Emergency physicians dispel common beliefs about contrast allergies, antibiotics in nasal packing, tap water as an irrigation solution, and herniation after lumbar puncture
Explore This IssueACEP Now: Vol 33 – No 03 – March 2014
1. Contrast Allergies: Stop the Crustacean Bashing
The short message is, “Iodine is not an allergen!”1
There are many theories about what causes “allergic-like” reactions from contrast media. However, we can stop asking about shellfish and strawberry allergies as iodine content has nothing to do with these reactions. As a matter of fact, if we are worried about iodine, we’re asking the wrong questions. The iodine content of shrimp is 1,000 mcg/kg, but chicken contains a whopping 1,248 mcg/kg. Perhaps we should have been asking about chicken allergies instead of shellfish.
The fact is that those with seafood allergies are at the same low risk for contrast reactions as those with other food allergies and asthma. In addition, only 7 to 17 percent of those with prior contrast reactions are at a risk of recurrence.1 That’s likely much less than most of us would have thought.
A much more plausible explanation for contrast reactions seems obvious when reviewing the evolution of intravenous contrast materials. Data collected from 1985 to 1999 reflected an adverse reaction rate of 6 to 8 percent with ionic (high-osmolar) contrast use, compared with 0.2 percent with exclusive nonionic (low-osmolar) contrast use.2 It stands to reason that most patients reporting a contrast reaction in the distant past experienced a reaction due to ionic contrast.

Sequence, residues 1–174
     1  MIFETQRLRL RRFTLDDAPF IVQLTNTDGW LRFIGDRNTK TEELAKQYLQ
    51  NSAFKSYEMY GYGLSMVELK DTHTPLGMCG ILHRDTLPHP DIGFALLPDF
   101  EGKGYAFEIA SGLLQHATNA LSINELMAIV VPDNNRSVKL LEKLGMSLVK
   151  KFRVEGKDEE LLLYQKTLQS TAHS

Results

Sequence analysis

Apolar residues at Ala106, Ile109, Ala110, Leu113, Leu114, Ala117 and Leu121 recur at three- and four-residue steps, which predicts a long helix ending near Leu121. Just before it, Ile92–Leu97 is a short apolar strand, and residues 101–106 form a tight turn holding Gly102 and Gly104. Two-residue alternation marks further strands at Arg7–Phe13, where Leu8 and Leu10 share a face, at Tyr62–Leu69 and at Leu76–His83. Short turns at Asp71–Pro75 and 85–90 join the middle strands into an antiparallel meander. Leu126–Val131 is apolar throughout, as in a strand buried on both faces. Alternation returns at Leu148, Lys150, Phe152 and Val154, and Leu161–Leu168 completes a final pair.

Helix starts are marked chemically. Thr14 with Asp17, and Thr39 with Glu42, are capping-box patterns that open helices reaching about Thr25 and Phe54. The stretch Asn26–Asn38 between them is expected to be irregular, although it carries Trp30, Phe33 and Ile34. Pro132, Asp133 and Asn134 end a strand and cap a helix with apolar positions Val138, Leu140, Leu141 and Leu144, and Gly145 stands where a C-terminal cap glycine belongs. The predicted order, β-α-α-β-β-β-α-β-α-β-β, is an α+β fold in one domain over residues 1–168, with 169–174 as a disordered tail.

2. Lack of Backing for Antibiotics and Nasal Packing
It’s socially unacceptable to pick your nose, and it’s medically unnecessary to use antibiotics when packing one.
Although it’s a small study, we probably don’t need large numbers to disprove something that never had proof to begin with.
Nasal packing for spontaneous epistaxis, most with Merocel and some with zinc paste and Foley catheters, was utilized. In this prospective observational series, 78 were treated with amoxicillin/clavulanate and 76 without antibiotics. All patients were observed for otitis media, sinusitis, toxic shock syndrome, and any other infectious complication.3
No patients in either group developed an infectious complication. Particularly with close follow-up, antibiotics appear to be unnecessary.
3. Wounds: The Magic Cleanser
Tap water—and lots of it—is likely the best irrigation solution. In this meta-analysis of 11 studies, tap water, distilled water, cooled boiled water, and normal saline were evaluated. The studies included wounds in pediatrics and adults. Here is the breakdown:
- open fractures: one trial
- surgical wounds: four trials
- chronic wounds: one trial
- lacerations: five trials
In the laceration trials, tap water was compared to saline, and the relative risk of infection was 0.63.4 Thus, if tap water was utilized, infection was less likely than with saline irrigation.
With respect to irrigation additives, such as Betadine, the available data show that 1% solutions probably don’t impede wound healing in lacerations but certainly don’t reduce infections either. However, 10% (standard) Betadine is tissue toxic.5-9
4. CT Before LP: Contrary to Popular Teaching, Heads Will Not Explode